Australian Influencers Still Failing To Disclose #Ads Despite AANA’s Crackdown

Pretty beauty vlogger recording make-up tutorial promoting product, social media marketing

AI-powered analytics platform HypeAuditor has revealed some of Australia’s most active brands on social media are failing to abide by the AANA’s new rules around disclosure.

Introduced in February of this year, the AANA’s new code of ethics requires influencers clearly disclose a paid partnership with a brand using #ad, #sponsored or another clear marker.

“Where an influencer or affiliate accepts payment of money or free products or services from a brand in exchange for them to promote that brand’s products or services, the relationship must be clear, obvious and upfront to the audience and expressed in a way that is easily understood,” the AANA says.

It also clearly states that “merely mentioning the brand name may not be sufficient to clearly distinguish the post as advertising”.

However, the data from HypeAuditor suggests that many brands and influencers are using brand mentions rather than #ad to indicate a paid partnership.

HypeAuditor compiled posts from the top five Australian brands with the most mentions from influencers in the last 30 days.

These five brands generated a total of 546 mentions from 400 Aussie influencers, according to the data. Despite 163 of these posts appearing to be sponsored, just 13 (7.9 per cent) had #ad or #sponsored.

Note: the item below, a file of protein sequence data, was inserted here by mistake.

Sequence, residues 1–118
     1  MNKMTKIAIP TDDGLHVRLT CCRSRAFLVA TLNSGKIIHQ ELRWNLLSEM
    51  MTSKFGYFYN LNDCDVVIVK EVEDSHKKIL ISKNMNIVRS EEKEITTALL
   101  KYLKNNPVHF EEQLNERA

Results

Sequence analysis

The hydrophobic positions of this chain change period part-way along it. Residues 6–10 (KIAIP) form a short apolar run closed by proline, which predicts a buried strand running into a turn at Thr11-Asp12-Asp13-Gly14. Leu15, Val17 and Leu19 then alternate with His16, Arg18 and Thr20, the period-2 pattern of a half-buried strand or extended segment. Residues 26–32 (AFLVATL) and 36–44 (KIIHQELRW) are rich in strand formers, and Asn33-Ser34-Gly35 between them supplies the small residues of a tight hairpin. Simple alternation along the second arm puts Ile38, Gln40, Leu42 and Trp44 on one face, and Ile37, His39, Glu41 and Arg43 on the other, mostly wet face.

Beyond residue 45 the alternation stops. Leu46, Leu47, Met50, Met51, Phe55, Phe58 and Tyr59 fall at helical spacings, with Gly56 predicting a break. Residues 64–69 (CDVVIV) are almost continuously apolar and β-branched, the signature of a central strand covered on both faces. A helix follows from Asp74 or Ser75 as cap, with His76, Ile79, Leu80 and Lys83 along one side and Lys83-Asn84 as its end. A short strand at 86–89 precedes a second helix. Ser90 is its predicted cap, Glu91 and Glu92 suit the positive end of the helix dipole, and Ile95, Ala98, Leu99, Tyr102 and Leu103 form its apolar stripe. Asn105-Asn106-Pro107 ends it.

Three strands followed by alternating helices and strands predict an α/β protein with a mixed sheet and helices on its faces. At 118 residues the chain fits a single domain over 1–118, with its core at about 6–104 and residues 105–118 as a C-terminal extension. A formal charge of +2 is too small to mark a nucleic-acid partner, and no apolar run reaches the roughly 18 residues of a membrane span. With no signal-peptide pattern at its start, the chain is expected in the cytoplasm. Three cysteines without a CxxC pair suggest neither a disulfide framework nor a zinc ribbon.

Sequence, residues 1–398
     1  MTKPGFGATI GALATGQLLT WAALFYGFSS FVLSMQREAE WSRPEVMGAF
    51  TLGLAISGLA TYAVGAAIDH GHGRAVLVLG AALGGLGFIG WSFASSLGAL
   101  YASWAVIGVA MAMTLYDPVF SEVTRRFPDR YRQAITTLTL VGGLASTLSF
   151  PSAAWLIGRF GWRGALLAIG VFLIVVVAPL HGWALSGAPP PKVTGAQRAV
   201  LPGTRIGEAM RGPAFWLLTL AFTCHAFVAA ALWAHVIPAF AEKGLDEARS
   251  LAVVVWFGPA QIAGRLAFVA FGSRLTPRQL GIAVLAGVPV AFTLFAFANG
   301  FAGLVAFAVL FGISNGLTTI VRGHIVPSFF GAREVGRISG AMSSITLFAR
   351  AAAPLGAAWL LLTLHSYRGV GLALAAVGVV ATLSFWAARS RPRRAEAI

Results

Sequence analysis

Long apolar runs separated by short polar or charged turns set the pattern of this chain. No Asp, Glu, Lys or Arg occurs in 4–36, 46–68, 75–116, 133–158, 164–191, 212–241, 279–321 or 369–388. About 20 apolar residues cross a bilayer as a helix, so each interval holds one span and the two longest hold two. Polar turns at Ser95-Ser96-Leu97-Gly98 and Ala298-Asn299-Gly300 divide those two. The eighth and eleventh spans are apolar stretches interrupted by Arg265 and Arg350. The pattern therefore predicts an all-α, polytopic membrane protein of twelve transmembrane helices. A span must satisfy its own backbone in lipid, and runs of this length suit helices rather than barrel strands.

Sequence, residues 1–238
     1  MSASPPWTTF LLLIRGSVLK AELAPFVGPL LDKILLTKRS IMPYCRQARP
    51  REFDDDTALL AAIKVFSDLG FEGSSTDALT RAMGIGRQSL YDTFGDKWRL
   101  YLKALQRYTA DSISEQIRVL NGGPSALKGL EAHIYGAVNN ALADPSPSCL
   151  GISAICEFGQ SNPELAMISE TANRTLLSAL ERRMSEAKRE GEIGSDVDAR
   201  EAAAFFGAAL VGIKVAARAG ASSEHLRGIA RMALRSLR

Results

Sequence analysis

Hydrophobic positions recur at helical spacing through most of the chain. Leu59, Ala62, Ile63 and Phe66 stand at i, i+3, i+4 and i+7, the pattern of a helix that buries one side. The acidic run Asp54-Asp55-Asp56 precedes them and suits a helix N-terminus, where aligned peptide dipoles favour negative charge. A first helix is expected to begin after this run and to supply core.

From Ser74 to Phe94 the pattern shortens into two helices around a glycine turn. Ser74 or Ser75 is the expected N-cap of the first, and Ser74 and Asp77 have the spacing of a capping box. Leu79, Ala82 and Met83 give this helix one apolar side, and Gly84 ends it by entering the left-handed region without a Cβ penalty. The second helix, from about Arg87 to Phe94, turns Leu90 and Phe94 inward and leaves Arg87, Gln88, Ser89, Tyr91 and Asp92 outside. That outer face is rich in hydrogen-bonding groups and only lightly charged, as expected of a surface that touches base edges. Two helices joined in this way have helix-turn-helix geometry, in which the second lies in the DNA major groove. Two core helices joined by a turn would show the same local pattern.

“Our analysis indicates that disclosure of ads for Australian influencers is so far the exception rather than the rule,” said HypeAuditor CEO and co-founder Alex Frolov.

Frolov pointed to the recent instances of former Bachelor winner Anna Heinrich and influencer Rozalia being found to have breached the AANA’s code of ethics.

In both of these cases, the influencer was reprimanded for failing to disclose the partnership.

However, Frolov suggested the responsibility should lie with the brand when it comes to abiding by the rules.

“It seems that influencers are the ones in the firing line when it comes to breaching of the code, however, the onus should not just be on influencers to do the right thing. More needs to be done by brands to make sure they are aligning with codes and regulation around advertising for the protection of the consumers,” Frolov said.

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